This is the third supermoon of 2021.
A full moon is always intriguing. But a supermoon, well, they tend to attract a lot more attention and for good reason — they’re super-freaking amazing to see and this year, we get to witness three.
The first supermoon of 2021 took place on 27 April and the second occurred on May 26. We’re certainly spoilt for choice down under because now a strawberry supermoon will be lighting up our skies in the early morning of June 25.
However, despite its name the moon will not actually be red or pink in colour. But this is primed to be the last supermoon of the year so you’ll want to catch a glimpse while you can.
In Sydney, Melbourne and Brisbane, the moon will be full at 4.39am. In Adelaide it’ll take place at 4.09am because of the time difference — and in Perth, it’ll be visible at 2.39am.
For the best view of the supermoon, and views of the stars on the regular, it’s always recommended to head to places with as little light pollution as possible. If you’re living in the city, finding dark skies can be a little difficult. But to help you on your mission, use this light pollution map to guide your way.
A supermoon, or rather a full moon that coincides with the moon’s closest orbital point (called the perigee) to Earth, is actually 30 percent brighter in the night sky and 14 percent larger than when the moon is at its apogee—the furthest point from Earth.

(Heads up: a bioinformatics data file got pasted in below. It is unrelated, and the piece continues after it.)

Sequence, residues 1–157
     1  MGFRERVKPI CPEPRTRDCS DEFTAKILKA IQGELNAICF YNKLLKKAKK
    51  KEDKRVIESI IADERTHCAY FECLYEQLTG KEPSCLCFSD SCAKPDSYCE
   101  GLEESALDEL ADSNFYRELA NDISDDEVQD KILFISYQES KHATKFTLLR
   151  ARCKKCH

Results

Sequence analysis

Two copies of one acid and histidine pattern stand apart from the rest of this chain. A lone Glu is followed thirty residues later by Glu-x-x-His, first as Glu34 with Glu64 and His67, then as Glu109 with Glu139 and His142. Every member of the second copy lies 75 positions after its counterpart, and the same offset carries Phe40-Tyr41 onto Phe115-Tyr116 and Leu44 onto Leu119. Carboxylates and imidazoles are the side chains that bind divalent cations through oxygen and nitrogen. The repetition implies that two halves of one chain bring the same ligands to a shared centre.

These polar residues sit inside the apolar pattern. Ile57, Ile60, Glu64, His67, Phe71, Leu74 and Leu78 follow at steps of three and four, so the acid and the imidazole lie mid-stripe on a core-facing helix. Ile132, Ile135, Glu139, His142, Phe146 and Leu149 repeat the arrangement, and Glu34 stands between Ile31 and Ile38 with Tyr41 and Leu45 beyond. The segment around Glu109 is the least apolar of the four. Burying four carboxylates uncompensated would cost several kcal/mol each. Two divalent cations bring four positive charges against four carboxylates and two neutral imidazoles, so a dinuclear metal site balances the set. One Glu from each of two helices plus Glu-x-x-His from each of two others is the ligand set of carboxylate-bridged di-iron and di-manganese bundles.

Although the term supermoon has been around for forty-odd years, not everyone is happy with the name. The world’s most famous astrologer, Neil deGrasse Tyson who is currently the director of the Hayden Planetarium at the American Museum of Natural History in New York City, has said that there the very concept of a supermoon is an ”embarrassment to everything else we call super: Supernova, Supercollider, Superman, Super Mario Bros.”
This is presumably because there is no scientific evidence that supermoons actually influence or have had effects on the weather, volcanoes and earthquakes as some people believe they have.
Even so, we think they’re fascinating.